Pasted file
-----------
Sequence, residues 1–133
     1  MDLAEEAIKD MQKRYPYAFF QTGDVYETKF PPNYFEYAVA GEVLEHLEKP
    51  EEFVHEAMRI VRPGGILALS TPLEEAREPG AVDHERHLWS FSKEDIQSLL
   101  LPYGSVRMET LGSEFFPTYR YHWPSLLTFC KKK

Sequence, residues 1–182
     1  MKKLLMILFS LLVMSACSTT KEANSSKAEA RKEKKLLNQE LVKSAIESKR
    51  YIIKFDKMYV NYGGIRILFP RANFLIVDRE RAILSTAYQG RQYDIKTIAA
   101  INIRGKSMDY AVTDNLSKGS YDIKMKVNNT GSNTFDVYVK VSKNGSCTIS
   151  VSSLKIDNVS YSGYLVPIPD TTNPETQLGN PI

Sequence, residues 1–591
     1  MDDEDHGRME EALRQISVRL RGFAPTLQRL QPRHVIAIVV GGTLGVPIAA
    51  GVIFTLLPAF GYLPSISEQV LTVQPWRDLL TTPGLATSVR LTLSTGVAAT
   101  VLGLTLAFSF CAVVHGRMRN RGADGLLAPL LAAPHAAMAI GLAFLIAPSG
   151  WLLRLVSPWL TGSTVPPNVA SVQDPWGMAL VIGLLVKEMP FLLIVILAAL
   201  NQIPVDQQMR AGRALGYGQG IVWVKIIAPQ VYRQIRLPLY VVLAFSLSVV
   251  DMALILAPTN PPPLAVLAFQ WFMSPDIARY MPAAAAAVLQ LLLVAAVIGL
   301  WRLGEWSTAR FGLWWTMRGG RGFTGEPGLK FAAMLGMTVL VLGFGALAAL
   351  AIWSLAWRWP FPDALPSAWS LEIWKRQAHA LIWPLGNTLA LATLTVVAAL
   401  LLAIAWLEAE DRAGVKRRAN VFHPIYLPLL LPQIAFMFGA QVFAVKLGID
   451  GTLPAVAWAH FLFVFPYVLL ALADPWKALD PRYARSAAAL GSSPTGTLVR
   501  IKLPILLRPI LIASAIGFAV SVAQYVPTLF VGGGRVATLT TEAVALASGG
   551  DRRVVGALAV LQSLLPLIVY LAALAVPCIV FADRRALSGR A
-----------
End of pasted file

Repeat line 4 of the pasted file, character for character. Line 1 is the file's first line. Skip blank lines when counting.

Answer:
   101  LPYGSVRMET LGSEFFPTYR YHWPSLLTFC KKK